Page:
When it comes to background checks, credit reports can play an important role in assessing an individual’s financial responsibility and potential risk to an organization. Two types of credit pulls exist: soft and hard pulls. In this post, we’ll discuss the differences between soft and hard credit pulls for employment screening and which one may be the best fit for your organization.
What is a soft credit pull?
A soft credit pull, also known as a soft inquiry, is a type of credit inquiry that does not affect an individual’s credit score. Soft credit pulls can include employment verification, pre-employment screening, and tenant screening. They do not impact or pull the credit score. A soft credit check is typically requested for employment screening, insurance, and tenant screening purposes to show level of risk based on past payment history. For employment screening, they are only recommended for individuals working with an organization’s financial matters.
What is a hard credit pull?
A hard credit pull, also known as a hard inquiry, is a type of credit inquiry that does affect an individual’s credit score. Hard credit pulls are typically used when an individual applies for a new loan, credit card, or other credit product. Organizations may use hard credit pulls to check an individual’s credit history for evidence of financial responsibility, but they must obtain the individual’s written permission to do so. These pulls are used because they provide the potential creditor with your credit score.
Differences between soft and hard credit pulls
The primary difference between soft and hard credit pulls is their impact on an individual’s credit score. Soft credit pulls have no impact on an individual’s credit score, while hard credit pulls can lower an individual’s credit score by a few points. In addition, soft credit pulls are not visible to other creditors, while hard credit pulls remain on an individual’s credit report for up to two years.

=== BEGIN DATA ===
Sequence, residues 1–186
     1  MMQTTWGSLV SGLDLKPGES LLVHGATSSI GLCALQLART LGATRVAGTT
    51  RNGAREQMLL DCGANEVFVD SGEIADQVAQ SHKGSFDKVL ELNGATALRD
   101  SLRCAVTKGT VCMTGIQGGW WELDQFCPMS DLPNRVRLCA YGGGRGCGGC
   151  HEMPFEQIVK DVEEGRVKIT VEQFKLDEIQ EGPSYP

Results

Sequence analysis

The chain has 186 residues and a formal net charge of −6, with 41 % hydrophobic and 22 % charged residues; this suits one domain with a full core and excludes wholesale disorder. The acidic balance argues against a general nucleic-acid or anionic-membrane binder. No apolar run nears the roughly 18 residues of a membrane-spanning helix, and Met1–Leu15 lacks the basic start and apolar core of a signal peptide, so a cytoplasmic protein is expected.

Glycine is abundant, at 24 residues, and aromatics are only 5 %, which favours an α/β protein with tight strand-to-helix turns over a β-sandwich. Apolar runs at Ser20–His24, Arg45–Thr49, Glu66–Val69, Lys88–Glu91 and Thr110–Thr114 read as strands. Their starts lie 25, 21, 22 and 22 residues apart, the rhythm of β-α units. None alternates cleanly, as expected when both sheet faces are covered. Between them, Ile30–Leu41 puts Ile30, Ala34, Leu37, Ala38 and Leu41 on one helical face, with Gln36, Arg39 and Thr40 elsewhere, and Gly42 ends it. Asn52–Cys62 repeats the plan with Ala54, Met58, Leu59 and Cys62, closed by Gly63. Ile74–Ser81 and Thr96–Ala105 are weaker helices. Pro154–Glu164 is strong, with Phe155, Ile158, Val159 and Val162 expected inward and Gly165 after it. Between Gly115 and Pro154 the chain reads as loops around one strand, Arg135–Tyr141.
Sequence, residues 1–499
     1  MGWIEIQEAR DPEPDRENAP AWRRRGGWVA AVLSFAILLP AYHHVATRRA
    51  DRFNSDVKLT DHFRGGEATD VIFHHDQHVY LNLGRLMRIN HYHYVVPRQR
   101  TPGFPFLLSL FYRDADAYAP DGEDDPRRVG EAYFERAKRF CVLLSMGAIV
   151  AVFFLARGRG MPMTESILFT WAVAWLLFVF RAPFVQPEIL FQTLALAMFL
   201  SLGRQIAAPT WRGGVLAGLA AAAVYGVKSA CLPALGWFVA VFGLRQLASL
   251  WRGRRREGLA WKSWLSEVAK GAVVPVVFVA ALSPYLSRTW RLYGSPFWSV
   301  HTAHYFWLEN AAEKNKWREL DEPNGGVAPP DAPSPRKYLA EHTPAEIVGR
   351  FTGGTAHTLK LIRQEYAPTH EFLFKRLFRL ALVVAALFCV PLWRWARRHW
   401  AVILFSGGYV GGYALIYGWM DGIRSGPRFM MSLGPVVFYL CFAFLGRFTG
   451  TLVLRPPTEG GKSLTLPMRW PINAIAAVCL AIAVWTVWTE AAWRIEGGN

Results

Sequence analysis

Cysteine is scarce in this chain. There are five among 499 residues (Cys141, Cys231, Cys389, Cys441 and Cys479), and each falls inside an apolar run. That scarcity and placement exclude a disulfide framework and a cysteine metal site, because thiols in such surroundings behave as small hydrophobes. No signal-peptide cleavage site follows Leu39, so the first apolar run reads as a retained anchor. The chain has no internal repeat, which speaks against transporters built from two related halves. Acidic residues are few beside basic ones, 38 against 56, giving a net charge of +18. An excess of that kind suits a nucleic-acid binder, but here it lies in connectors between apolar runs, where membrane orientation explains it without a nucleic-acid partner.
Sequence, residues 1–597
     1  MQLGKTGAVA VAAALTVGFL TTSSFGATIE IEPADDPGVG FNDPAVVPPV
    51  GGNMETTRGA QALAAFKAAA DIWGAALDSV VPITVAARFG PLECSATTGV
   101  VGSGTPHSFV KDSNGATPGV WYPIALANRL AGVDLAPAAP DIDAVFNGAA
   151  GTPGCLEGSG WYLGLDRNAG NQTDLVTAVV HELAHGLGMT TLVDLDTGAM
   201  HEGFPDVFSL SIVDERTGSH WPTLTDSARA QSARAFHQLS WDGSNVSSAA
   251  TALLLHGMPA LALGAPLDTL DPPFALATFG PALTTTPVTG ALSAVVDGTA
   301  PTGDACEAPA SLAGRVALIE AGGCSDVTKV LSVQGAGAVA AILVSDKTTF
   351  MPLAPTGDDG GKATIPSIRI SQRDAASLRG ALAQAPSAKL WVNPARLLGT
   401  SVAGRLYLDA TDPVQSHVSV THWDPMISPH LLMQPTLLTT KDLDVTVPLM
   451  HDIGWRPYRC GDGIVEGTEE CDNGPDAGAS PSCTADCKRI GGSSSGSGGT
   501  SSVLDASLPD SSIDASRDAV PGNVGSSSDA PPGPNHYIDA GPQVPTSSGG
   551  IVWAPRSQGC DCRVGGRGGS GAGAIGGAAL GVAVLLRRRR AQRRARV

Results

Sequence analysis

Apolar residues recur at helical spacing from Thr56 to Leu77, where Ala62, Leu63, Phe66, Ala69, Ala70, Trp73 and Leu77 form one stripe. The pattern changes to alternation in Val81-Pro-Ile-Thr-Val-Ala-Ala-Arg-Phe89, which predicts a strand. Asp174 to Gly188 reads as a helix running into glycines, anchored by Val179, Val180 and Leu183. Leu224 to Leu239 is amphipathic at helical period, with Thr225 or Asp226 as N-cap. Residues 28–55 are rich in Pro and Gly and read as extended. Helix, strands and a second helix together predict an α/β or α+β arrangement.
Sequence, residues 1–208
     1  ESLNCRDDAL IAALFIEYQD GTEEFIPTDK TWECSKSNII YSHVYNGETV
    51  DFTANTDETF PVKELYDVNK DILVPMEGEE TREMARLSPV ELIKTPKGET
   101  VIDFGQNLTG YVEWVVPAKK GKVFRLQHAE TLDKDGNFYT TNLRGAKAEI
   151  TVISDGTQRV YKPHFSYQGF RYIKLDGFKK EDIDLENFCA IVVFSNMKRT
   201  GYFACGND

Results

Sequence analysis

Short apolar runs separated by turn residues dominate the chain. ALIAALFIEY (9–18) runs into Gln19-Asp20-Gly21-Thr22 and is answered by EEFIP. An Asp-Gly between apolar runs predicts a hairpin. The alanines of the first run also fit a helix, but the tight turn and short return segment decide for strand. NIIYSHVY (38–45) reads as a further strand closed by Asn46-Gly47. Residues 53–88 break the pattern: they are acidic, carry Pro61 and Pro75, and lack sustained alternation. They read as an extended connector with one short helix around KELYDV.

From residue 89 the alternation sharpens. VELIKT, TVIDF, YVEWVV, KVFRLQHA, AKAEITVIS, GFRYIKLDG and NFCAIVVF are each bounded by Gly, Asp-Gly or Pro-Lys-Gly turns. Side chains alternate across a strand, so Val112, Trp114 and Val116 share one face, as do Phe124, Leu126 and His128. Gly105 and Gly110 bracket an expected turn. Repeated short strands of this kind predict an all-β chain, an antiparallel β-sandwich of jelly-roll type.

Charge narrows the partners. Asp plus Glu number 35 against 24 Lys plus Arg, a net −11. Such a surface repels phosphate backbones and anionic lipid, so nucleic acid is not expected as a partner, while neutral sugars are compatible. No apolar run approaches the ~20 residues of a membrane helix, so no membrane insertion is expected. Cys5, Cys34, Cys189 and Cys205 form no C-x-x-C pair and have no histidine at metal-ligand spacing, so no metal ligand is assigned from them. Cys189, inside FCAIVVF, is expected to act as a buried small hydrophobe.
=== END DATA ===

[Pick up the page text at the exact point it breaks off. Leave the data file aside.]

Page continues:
Benefits of soft credit pulls
There are several benefits to using soft credit pulls for employment screening purposes. For one, soft credit pulls do not affect an individual’s credit score, making them less invasive than hard credit pulls. Soft credit pulls are also less likely to raise red flags with candidates, which can improve the hiring process by promoting transparency and trust.
Benefits of hard credit pulls
While hard credit pulls can lower an individual’s credit score, they provide more detailed information about an individual’s financial history. Employers may use hard credit pulls to evaluate an individual’s overall financial responsibility, including their payment history, credit utilization, and outstanding debts. This information can be valuable when assessing risk for a loan.
When it comes to choosing between soft and hard credit pulls for employment screening purposes, it’s important to consider the pros and cons of each option. Soft credit pulls are less invasive and may be more appropriate for certain situations, while hard credit pulls provide more detailed information about an individual’s financial history. Ultimately, the decision of which type of credit pull to use will depend on the specific needs of your organization.
If you’re looking for a reliable and compliant background screening partner for your business or non-profit organization, look no further than CoreScreening. Our team of experts can help you navigate the complex world of employment screening and provide you with the information you need to make informed hiring decisions. Contact us today to learn more.